Adulting and Lower Back Pain: My Unwelcome Companion

Why My Lower Back Is My Mood Ring For Adulting

Hey there, wonderful people!

Let’s talk about something we all love to hate: lower back pain. Yes, you read that right. Lower back pain is basically the “Good Morning!” text nobody asked for.

The “Back” Story (Pun Intended)

Remember the days when we used to frolic around as kids? We’d climb trees, fall, and get back up like mini superheroes. Fast forward to adulthood, and bending over to tie a shoelace can feel like an Olympic sport. Suddenly, my lower back has become a real-life mood ring, and it’s not always in the best of moods!

Why It Happens

Between Zoom meetings that never end and binge-watching Netflix, our backs are screaming for a break. The Mayo Clinic confirms that prolonged sitting can indeed contribute to lower back pain[^1^].

Feeling “Aligned” With Chiropractic Adjustments

Chiropractic adjustments aren’t just for those who’ve twisted something the wrong way; they can be an integral part of maintaining a healthy back. These adjustments aim to align your spine properly, reducing pain and improving function [^7^]. It’s like a “reset” button for your back! 

The Stretches That Stretch More Than Your Imagination

1. Cat-Cow Stretch: Imagine you’re a cat. Now a cow. Now a cat again. Easy, right? According to Harvard Health, this exercise can increase flexibility and relieve tension in your lower back[^2^].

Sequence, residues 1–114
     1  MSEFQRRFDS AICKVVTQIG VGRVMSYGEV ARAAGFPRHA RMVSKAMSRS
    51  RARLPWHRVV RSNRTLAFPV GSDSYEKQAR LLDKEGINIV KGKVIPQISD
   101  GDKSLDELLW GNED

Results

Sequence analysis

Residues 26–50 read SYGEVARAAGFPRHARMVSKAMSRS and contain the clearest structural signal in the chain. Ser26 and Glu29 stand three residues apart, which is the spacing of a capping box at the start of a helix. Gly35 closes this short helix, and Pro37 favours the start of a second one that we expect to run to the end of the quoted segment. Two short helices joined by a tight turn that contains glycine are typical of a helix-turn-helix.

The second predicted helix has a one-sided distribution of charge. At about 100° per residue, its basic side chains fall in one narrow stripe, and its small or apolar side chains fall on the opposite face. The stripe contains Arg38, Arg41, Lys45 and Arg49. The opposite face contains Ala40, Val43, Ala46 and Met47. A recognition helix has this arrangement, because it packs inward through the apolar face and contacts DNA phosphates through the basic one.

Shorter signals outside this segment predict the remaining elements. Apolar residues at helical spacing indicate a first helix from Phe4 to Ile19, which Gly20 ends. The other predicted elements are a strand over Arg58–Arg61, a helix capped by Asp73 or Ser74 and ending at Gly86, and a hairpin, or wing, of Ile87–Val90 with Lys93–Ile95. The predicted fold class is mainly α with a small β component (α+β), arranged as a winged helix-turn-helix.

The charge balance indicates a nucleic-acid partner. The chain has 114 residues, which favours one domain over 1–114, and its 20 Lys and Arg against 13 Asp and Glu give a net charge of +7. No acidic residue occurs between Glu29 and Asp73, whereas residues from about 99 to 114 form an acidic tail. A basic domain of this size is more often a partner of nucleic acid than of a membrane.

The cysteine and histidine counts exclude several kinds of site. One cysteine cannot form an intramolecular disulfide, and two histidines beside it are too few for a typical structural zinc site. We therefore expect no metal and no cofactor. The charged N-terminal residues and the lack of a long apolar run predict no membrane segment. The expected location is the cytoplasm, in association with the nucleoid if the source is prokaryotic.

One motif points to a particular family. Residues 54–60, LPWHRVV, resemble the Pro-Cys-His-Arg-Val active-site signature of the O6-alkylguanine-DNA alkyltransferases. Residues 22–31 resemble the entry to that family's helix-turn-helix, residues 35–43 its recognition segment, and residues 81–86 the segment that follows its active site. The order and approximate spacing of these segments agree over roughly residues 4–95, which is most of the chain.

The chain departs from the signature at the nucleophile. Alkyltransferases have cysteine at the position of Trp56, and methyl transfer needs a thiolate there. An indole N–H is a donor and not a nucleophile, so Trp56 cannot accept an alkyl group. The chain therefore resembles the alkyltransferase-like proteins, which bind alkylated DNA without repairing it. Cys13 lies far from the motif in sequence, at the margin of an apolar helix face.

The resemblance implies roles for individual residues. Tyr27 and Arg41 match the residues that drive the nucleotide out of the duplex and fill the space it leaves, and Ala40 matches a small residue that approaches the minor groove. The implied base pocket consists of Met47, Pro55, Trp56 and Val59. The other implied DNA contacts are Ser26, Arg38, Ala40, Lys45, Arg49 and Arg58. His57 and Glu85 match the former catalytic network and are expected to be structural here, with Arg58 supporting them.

Give this exercise a look!

2. Child’s Pose: Feel like a toddler and forget about your bills for a minute. The American Council on Exercise recommends this stretch for relaxing your back muscles[^3^].

The Do’s and Don’ts

  • Do: Engage in regular exercise. Exercise has been shown to be effective for lower back pain relief[^4^].
  • Don’t: Lift with your back; use those legs! The Cleveland Clinic advises lifting with your legs to prevent back injury[^5^].
  • Do: Consider a standing desk. According to Healthline, alternating between sitting and standing can relieve back pain[^6^].
  • Don’t: Ignore prolonged pain. Chronic pain could be a sign of something more serious and should be checked by a healthcare professional[^7^].

A Little Trick Up My Sleeve

Ice and heat packs are like the yin and yang for your lower back. The University of Michigan recommends using ice for the initial “ouch” moment and heat to relax those muscles later on[^8^].

 In Conclusion

Lower back pain is like the grumpy old neighbor who doesn’t like it when you have too much fun. But with a little care and understanding, even that grumpy neighbor can become more manageable.

So the next time your back gives you the blues, remember it’s just your body’s way of saying, “Hey, I could use a little TLC.”

Until next time, stay bendy, not broken!


[^1^]: [Mayo Clinic – Office Ergonomics]

[^2^]: [Harvard Health – Four Exercises To End Back Pain]

[^3^]: [American Council on Exercise – Child’s Pose]

[^4^]: [NCBI – Exercise as a treatment for chronic low back pain]

[^5^]: [Cleveland Clinic – Lifting Techniques]

[^6^]: [Healthline – Benefits of Standing Desk]

[^7^]: [Mayo Clinic – Back pain – When to see a doctor]
[^8^]: [University of Michigan – Ice or Heat?]

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